Keeping Their Cool

The heat came early to New York in June 1933, so folks flocked to air-conditioned cinemas or sought the cooling breezes of rooftop cafes and dance floors. And thanks to FDR, there was legal beer to be quaffed at various beer gardens popping up all over town.

June 24, 1933 cover by Rea Irvin. Providing a bookend to Constantin Alajalov’s June bride cover (May 27), Irvin gave us the newlyweds now contemplating a fixer-upper.

Lois Long kept her cool on the beach or at home with a cold Planters’ Punch, but one gets restless, and Ethel Waters was at the Cotton Club, so Long headed out into the night; an excerpt from her column “Tables for Two”…

STORMY WEATHER AHEAD…Ethel Waters was “tops” during a June 1933 performance at the Cotton Club, according to nightlife correspondent Lois Long. Left, Waters circa 1930. At right, the Cotton Club in the early 1930s. (IMDB/Britannica)
SHOWER THE PEOPLE…Children gather around a center stand sprinkler (connected to a fire hydrant) on a Harlem street in 1933.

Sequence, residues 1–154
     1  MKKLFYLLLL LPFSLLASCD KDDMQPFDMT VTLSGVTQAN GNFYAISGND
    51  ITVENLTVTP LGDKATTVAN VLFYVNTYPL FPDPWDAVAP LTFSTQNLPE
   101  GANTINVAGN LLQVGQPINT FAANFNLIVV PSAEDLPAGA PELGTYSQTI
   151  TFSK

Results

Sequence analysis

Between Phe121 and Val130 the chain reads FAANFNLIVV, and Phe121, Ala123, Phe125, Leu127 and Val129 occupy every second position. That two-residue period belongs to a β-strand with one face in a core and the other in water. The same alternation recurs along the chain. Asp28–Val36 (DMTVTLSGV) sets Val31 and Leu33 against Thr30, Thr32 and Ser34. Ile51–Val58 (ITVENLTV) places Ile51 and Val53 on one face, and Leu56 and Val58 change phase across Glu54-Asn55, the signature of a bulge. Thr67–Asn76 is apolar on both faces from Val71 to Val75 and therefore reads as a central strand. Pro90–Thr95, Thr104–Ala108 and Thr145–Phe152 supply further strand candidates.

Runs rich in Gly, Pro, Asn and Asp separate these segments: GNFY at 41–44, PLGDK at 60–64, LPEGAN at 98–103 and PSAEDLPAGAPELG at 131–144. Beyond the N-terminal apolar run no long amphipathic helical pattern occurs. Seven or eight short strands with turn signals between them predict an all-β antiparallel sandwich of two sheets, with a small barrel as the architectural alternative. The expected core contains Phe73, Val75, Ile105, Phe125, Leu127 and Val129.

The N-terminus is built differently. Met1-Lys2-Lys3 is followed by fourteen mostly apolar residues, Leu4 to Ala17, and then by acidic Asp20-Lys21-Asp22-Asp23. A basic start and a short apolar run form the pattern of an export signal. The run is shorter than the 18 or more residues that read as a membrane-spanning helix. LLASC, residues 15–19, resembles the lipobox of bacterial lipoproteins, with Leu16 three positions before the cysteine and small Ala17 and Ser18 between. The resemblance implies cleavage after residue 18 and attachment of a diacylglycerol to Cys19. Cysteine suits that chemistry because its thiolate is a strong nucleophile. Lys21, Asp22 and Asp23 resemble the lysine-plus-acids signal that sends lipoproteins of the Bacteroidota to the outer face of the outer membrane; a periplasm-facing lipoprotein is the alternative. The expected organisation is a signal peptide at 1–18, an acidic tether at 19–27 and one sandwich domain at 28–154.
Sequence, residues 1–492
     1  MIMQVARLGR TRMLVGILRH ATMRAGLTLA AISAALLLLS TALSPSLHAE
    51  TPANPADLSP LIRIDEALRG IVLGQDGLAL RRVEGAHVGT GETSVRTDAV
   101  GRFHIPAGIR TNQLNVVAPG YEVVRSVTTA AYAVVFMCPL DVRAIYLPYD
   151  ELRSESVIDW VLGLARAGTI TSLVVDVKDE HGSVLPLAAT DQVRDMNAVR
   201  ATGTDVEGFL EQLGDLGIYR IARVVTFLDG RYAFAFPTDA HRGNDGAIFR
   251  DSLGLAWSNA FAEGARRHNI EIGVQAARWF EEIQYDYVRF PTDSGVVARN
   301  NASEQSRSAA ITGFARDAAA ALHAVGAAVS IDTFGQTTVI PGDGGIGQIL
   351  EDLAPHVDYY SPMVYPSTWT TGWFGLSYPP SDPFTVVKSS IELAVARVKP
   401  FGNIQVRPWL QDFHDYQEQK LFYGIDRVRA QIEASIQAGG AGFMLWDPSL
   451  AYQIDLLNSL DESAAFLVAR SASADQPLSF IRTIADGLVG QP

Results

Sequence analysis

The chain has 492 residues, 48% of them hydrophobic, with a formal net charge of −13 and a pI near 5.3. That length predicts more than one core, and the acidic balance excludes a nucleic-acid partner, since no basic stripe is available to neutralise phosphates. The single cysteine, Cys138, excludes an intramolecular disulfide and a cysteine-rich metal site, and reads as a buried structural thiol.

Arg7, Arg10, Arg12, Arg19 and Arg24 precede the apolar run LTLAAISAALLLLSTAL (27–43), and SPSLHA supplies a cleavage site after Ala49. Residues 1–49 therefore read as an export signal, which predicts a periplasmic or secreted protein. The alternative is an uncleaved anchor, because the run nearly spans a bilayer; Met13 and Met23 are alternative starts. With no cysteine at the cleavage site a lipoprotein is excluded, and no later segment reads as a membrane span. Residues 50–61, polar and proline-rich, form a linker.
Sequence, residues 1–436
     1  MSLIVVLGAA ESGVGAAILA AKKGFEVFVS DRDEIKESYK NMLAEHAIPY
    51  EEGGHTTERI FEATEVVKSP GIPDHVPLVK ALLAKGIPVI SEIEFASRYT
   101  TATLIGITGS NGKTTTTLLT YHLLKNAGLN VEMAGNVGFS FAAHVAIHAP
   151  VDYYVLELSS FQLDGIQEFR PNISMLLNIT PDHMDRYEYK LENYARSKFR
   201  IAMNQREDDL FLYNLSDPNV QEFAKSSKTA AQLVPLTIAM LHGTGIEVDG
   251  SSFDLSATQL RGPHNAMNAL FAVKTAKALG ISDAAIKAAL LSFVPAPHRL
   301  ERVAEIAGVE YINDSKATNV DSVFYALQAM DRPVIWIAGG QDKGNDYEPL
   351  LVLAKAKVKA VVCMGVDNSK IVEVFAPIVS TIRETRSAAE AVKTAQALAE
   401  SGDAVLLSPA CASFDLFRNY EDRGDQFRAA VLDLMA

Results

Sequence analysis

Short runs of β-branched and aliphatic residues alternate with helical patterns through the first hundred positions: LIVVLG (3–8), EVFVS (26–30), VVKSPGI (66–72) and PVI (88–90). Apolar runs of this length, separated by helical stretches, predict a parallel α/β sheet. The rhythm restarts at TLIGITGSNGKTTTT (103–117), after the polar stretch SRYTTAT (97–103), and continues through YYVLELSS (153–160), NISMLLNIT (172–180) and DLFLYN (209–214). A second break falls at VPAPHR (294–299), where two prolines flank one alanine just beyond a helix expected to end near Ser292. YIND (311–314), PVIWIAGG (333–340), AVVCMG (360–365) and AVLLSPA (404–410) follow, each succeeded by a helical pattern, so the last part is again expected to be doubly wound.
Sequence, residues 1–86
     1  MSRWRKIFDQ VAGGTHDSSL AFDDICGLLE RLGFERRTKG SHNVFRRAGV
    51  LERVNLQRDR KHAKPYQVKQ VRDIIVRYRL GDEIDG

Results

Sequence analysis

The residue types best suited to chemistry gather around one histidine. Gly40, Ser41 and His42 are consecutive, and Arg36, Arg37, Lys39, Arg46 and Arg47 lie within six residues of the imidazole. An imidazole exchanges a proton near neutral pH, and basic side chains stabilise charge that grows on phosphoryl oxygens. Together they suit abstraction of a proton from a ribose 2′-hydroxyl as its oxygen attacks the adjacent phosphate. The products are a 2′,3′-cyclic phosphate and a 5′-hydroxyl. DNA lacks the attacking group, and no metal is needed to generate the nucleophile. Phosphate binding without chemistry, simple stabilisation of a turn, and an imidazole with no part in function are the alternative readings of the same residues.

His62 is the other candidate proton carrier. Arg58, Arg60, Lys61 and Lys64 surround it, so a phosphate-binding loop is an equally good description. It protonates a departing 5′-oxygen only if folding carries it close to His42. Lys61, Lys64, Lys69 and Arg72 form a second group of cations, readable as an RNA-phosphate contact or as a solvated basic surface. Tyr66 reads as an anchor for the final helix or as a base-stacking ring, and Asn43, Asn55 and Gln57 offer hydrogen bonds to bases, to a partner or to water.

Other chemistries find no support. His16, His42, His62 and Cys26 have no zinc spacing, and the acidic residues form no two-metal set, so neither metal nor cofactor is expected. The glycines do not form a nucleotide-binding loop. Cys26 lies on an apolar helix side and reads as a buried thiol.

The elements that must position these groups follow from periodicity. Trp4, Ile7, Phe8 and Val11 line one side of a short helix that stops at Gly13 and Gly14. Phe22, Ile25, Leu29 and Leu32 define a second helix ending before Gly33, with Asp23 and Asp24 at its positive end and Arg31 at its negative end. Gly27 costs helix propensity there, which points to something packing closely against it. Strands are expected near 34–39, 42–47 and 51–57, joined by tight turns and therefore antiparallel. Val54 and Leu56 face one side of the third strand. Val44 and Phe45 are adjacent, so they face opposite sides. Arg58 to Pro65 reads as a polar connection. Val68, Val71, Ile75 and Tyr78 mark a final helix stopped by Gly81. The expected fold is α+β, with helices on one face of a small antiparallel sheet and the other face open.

POP-UP PLAYGROUND…Play street and street shower alongside the Queensboro Bridge, June 22, 1934. (NYC Municipal Archives)

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From Our Advertisers

Legal beer and hot summer days combined to bring some much-needed advertising revenue to The New Yorker

…here we have dear old dad telling the young ‘uns (all in formal wear, mind you) about the good old days before Prohibition took away his favorite tipple…

…notable about the magazine’s first beer ads was the target market…this is akin to the cigarette manufacturers, who were also targeting women as a new growth market for their products…curious how this PBR ad is illustrated…is she getting ready to drink the beer, or serve it?…

…also joining the party were the folks who made mixers like White Rock mineral water…note the reference at bottom right to the anticipated repeal of the 18th Amendment…

…the purveyors of Hoffman’s ginger ale were less subtle, encouraging drinkers to mix those highballs right now

…you could enjoy that cool one while sitting in front of a Klenzair electric fan, which was probably nothing like riding a dolphin—a strange metaphor, but then again perhaps something else is being suggested here besides electric fans…

…no doubt Lois Long took in one of these breezy performances on the rooftop of the Hotel Pennsylvania…

…an evening with Rudy Vallée would have been a lot cheaper than one of these “compact” air conditioners, available to only the very wealthy…